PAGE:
READ: Nigerian fintech companies raised $600 million in five years – McKinsey Report 

Cryptocurrencies like Bitcoin could also help the unemployed facilitate small-scale international trade. Bitcoin enables these parties to sell products in exchange for Bitcoin and a boycott of traditional e-commerce systems, which often involves having to set up a merchant account with traditional banks, coupled with its attendant charges.

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Cryptos, when fully adopted, will have a considerable impact on Nigeria, by increasing financial inclusion of individuals and companies. Particularly, by reducing the transaction fees and time, cross-border payments can be improved. This is beneficial for remittance payments, peer-to-peer lending, and international trade.

READ: South South States lead in Nigerian unemployment

Experts discuss the utilization of cryptos to curb unemployment

In an exclusive interview with Nairametrics, Chike Okonkwo, Business Development Manager, OKEx, spoke on the role crypto can play in providing income for a substantial number of young Nigerians.

“Since the adoption of cryptocurrency in Africa, Nigeria has become a major hot zone in the African cryptocurrency space. The adoption of blockchain/cryptocurrency by Nigerians, has been able to give jobs to young Nigerians like me.

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READ: Nigeria records lowest remittances from abroad since 2008

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“The industry will further curb unemployment in Nigeria, but to achieve this — Blockchain and Crypto education must be a key focus because it’s a young industry. I personally encourage a lot of young people looking for a career path to explore the blockchain and crypto space.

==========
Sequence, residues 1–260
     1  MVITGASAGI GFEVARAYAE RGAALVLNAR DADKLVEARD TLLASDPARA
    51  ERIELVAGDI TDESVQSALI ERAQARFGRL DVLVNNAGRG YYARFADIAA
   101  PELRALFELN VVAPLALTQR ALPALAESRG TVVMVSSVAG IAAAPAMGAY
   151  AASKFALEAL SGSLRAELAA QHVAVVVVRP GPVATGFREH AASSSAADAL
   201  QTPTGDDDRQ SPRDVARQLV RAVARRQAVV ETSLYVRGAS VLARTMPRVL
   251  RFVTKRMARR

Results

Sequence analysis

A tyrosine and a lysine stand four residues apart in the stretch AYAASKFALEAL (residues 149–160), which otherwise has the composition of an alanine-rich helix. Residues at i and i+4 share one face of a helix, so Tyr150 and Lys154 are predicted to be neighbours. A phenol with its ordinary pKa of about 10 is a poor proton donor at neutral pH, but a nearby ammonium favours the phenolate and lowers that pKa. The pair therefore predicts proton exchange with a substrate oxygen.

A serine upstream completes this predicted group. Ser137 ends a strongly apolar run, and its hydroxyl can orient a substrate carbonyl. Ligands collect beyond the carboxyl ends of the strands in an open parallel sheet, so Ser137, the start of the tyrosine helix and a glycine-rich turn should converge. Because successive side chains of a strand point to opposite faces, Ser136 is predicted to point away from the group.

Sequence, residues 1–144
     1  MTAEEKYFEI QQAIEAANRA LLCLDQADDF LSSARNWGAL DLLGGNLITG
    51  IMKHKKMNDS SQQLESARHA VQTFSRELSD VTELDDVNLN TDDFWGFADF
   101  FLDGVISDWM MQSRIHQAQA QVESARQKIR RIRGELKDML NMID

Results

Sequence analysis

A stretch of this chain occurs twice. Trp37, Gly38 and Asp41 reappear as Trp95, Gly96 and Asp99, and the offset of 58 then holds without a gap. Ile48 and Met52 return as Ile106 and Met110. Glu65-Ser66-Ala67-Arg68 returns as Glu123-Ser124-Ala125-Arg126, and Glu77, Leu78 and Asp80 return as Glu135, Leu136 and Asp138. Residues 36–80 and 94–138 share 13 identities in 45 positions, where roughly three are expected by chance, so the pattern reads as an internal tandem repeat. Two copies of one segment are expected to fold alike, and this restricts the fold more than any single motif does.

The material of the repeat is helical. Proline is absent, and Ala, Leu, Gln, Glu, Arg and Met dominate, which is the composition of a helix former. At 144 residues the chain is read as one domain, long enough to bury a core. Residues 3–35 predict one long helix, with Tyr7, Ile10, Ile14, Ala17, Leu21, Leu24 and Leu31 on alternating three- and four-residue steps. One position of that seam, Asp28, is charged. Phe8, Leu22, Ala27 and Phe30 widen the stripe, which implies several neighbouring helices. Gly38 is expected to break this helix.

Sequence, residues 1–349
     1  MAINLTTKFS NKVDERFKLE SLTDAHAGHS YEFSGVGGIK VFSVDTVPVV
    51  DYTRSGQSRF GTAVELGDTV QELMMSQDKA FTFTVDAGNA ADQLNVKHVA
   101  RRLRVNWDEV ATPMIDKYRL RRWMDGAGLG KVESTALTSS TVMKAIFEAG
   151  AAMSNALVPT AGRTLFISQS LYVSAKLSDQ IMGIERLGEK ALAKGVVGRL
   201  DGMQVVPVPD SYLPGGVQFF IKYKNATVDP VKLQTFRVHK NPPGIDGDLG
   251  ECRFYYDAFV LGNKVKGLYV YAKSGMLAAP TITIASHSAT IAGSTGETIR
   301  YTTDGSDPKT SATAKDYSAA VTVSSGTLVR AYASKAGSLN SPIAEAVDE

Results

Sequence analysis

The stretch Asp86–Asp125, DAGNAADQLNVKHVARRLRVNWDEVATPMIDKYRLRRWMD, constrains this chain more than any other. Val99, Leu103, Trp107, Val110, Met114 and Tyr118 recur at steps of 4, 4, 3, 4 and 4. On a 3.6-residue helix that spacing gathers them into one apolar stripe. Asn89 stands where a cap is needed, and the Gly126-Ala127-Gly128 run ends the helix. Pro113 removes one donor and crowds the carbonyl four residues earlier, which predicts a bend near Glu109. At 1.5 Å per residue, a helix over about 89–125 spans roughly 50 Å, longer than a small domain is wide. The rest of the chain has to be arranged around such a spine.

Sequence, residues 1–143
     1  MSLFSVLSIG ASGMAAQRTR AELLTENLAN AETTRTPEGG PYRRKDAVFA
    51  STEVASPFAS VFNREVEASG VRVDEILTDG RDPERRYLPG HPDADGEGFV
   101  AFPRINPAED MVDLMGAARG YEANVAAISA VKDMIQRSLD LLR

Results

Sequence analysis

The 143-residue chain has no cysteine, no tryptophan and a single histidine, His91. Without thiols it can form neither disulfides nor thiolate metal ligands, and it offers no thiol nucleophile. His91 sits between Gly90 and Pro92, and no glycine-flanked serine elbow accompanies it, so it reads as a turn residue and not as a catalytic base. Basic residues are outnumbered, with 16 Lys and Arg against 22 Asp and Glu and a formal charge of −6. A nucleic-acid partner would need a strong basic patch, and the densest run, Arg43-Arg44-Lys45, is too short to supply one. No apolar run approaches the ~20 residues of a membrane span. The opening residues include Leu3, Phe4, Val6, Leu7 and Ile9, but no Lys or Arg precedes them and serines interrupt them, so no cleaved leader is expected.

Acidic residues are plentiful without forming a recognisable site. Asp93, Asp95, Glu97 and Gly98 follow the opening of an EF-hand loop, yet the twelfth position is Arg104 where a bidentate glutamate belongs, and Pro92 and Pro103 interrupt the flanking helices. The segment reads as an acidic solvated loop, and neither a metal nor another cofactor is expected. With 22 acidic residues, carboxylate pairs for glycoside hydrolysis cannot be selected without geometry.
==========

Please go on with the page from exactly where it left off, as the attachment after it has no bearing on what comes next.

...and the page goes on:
“We need people who understand business development, media, marketing, programming, Crypto trading, legal Compliance, design/graphics, etc. in the industry.

“Young Nigerians have built trusted platforms for buying and selling of cryptos and there is more to come. I am a member of Stakeholders in Blockchain Association (SiBAN), which aims to unite/self-regulate players in the industry and Blockchain Nigeria User Group (BNUG), with core focus on educating people about the Industry.”

Charles Okaformbah, Blockchain Solutions Architect, in a note to Nairametrics, gave key insights on the job opportunities that crypto can offer Nigeria’s growing population.

“Aside the trading activities carried out by Nigerians, DeFi products can be created with cryptos to help create businesses that will employ more Nigerians.

“Trading with little funds might not really yield much in comparison with the inflated cost of living, but long-term investments on solid crypto-assets have proven to be a game-changer or yielded much more returns.

“Remittances can also be done with cryptos at a charge for international traders, who are currently limited by government’s monetary policies.

“There is also crypto-collateral. Aside crypto as an end-product, employment can also be provided via tech for tech enthusiasts/geeks, by creating their services like crypto/blockchain solutions for organizations, developing crypto-related products, providing audit for smart contracts, crypto forensic auditing, project management, and a whole lot more.”

Bottom Line

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Digital currencies or cryptocurrencies as a standalone will not make an all-encompassing impact on the Nigerian unemployment index. However, Nigeria must start building native Blockchain Infrastructures post-pandemic.

This way, the core sovereignty of the technology will originate and mutate in meeting our unique Nigerian market niche. The domino effect across the skilled, entrepreneurial and regular professional layers would be massive.

The improvement of financial inclusion is the most significant and most developed benefit of crypto-currencies for Nigerians.